Having just arrived home from Kenya – summed up at TH!NK3 in Touching. Brutal. Unfair. – I instantly find two stories from Kenya in my search alerts and one Ecowar-like post on the new TH!NK blog.
First, Photo District News / An Under-Reported War Over Water is an interview and background article about photographer Evan Abramson’s recent project called When the Water Ends: Africa’s Climate Conflicts. I have already mentioned Abramson’s photos and short film and in fact borrowed a few seconds for my little Ecowar trailer.
Because of drought, the north end of Lake Turkana has retreated from southern Ethiopia into northern Kenya in the last 35 years. Abramson says there are unconfirmed reports that the Ethiopian government is arming indigenous tribes near its border with Kenya and encouraging them to assert their rights to the lake as it retreats. The Kenyan government, meanwhile, is disarming tribes within its borders, making them vulnerable to raids from Ethiopian tribes.
Adventurous photographers and journalists really should read this article about the production of Abramson’s When the Water Ends. 7000 USD and one Canon EOS camera and the project began!
Secondly, Kenyan Daily Nation / Land conflict simmers in Rift Valley reports of futile government attempts to solve internal refugee issues.
The violence that rocked Likia in Njoro District on February 2 brought to the surface the simmering conflict over land in the Rift Valley […] 70-year-old Kuria Wakaba was hacked to death and seven others critically injured brought to the fore the stark reality of unresolved land-based animosities. […] The government had planned to resettle 850 families living in a camp in Nakuru town on a 2,400-acre piece of land in Mau Narok by December 31 last year. But the plan was put on hold when members of the Maasai community opposed it. […] Clashes over land use and ownership have been fuelled by politicians for their own benefit since the restoration of multiparty democracy in 1991 [Irin, a UN-affiliated humanitarian news and analysis agency says…] vast tracts of arable land in the Rift Valley were designated as White Highlands and reserved for European settlers during British rule. The pastoralist communities, mainly the Kalenjin and Maasai, were edged out. [… later, during Kenyan government administration] many well-connected politicians were illegally allocated public land.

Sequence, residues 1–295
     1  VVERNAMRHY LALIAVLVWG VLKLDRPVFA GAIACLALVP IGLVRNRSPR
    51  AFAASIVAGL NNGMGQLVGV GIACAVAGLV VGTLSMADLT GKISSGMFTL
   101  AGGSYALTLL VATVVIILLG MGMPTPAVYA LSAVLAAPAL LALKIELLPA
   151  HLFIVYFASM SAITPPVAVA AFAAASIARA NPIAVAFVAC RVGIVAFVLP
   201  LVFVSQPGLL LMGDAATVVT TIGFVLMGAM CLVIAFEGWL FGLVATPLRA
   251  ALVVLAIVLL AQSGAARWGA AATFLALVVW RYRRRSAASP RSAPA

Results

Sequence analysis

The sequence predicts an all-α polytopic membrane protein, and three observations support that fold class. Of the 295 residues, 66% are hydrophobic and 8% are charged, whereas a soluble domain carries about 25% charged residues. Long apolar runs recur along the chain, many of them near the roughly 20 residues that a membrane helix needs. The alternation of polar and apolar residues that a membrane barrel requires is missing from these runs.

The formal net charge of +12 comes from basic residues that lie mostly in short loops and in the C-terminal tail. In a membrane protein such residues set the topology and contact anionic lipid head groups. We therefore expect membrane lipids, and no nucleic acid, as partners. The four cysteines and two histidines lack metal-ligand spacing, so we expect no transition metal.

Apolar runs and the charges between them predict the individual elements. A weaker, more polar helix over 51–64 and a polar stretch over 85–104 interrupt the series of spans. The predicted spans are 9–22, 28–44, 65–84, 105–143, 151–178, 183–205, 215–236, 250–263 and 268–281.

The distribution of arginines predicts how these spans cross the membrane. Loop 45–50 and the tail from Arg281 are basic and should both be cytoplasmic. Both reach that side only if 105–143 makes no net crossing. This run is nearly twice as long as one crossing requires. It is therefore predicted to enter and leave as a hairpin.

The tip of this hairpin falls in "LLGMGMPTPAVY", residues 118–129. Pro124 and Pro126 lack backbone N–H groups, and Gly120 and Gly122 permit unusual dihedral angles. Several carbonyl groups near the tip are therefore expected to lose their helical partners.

Thirdly, a new blogger has appeared at the TH!NK platform with the bold postulate that water scarcity may contribute to future conflicts in the Middle East: TH!NK5 / Water politics and Middle East: a growing conflict. A new friend…